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Legal column: When the plan works 

Teresa Rhyne

Local attorney Teresa J. Rhyne.

By Teresa J. Rhyne

– Lawyers often deal with mistakes and problems encountered when a financial, tax, or estate plan
goes wrong. Fortunately, we also see a lot of plans go very well. When clients plan carefully,
focus on their goals, and involve a team of professionals, the outcome is often not only the result
the client wanted, but a genuine legacy. Let’s look at some plans that worked.

A father’s legacy

I had a client who was an engineer; we’ll call him Bill. Bill came up with a formula for how and when assets would be distributed at his passing from his trust to his children and grandchildren over many years. The formula was very unique, just like he was. At first, it looked complicated. I worried that no one would understand it, let alone be able to “do the math” and carry it out. After discussing my concerns with Bill and his wife and adult children, we brought in the CPA. The formula was discussed among the group until everyone understood it, and, most importantly, the CPA and trustee knew how it was to work.

It’s been several years since that client passed away. When the first distribution was made from the trust and “the formula” was implemented, we all smiled remembering Bill and the way his mind worked. He devised a method for making sure his kids and eventually his grandchildren received a gift from him—and it worked. In practice, the formula was much easier than we originally feared. Now, annually, the children receive not just a monetary distribution, but a unique memory of their father. I’m just the attorney, and yet each year when the distribution is made, I smile and remember Bill fondly. What we came to call “The Formula” became a part of a much larger legacy.

A family legacy

Another client was diagnosed with terminal cancer. His was a large estate, and he was unmarried, with five adult children. He believed in the Warren Buffet philosophy of giving his kids enough money to do something, but not enough to do nothing. We implemented two types of trusts for his children. The first was an individual trust for each child that gave them income regularly and principal if they needed it for health, education, support, or maintenance (under very specific circumstances). The second was a common trust, available to all descendants in equal or unequal shares that rewarded certain types of behavior—matching 50% of the child’s own earnings up to a certain amount, cash rewards for finishing various levels of schooling, funds to start a business, providing a down payment of no more than 20% for a home, and other behaviors that were important to my client. Since the second trust existed for all of his descendants, he was able to encourage these behaviors for generations to come.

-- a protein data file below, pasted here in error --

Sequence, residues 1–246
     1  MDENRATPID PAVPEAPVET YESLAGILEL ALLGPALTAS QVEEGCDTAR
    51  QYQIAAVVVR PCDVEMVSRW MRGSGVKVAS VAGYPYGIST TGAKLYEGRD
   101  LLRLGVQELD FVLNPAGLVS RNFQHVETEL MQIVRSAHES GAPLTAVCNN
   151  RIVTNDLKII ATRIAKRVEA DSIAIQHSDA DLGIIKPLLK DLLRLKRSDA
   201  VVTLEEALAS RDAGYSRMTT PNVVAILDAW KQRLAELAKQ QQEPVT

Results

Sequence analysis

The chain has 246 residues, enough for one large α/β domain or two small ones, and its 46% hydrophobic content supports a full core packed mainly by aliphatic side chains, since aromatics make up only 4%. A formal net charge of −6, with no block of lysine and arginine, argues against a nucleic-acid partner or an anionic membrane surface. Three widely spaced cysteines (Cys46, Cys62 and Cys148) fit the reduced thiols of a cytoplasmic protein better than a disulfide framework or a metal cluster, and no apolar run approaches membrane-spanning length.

A charitable legacy

Susan was very charitably minded-during her lifetime, and she wanted to instill that behavior in her children. We discussed many options for charitable giving in her estate planning. Ultimately, Susan opted for a donor-advised fund (a “DAF”) with the local Community Foundation. She set up the DAF during her lifetime and specified what types of charitable organizations the fund was to benefit—cancer research, scholarships for women entering college later in life, animal rescue, and the arts.

At her death, funds were transferred from her trust to the DAF, and the estate received a charitable deduction. Susan had named her three children as the advisory board. Thus, annually the children meet to discuss the fund’s status and how much they’d like to have the fund distribute to charity. But the joyful part comes when the children get to review various charities and their programs to decide which to support in their mother’s name. The children are not resentful of the funds that went to charity, but rather consider the annual giving a wonderful way to honor their mother. Their mother’s memory lives on, and her legacy of giving continues.


A well-thought-out plan doesn’t need to involve trusts or funds that last for generations or even years. Sometimes a clear, concise, carefully considered estate plan can be a legacy in itself. If the documents clearly state your intentions, and the appropriate parties are named to execute the plan, your heirs will appreciate it even more. Consistently communicating your intentions during your lifetime can also go a long way to leaving a legacy of love, rather than fuel for a bitter battle.


An estate plan that includes a trust that continues for years is not always “controlling from the grave.” Sometimes a trust that involves annual activity can be a meaningful way to share your legacy by sharing not just your wealth, but your values, goals, and hopes for your beneficiaries. And sometimes, a simple, direct estate plan discussed with your advisors and your beneficiaries can be a wonderful legacy as well. In either case, you simply need to consider your goals, consult your advisors, and implement a plan.


Note: This is not legal advice to you individually, and you should rely on your own family law and estate planning attorneys to advise you.

Teresa J. Rhyne is an attorney practicing in estate planning and trust administration in Riverside and Paso Robles, CA. She is also the #1 New York Times bestselling author of “The Dog Lived (and So Will I)” and “Poppy in The Wild.”  You can reach her at


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